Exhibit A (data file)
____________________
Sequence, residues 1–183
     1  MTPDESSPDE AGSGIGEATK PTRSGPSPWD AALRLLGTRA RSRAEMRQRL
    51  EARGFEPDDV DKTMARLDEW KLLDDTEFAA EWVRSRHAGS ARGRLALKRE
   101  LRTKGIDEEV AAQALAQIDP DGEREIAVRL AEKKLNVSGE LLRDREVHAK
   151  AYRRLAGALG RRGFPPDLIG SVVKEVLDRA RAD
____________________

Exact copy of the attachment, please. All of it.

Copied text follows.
Sequence, residues 1–183
     1  MTPDESSPDE AGSGIGEATK PTRSGPSPWD AALRLLGTRA RSRAEMRQRL
    51  EARGFEPDDV DKTMARLDEW KLLDDTEFAA EWVRSRHAGS ARGRLALKRE
   101  LRTKGIDEEV AAQALAQIDP DGEREIAVRL AEKKLNVSGE LLRDREVHAK
   151  AYRRLAGALG RRGFPPDLIG SVVKEVLDRA RAD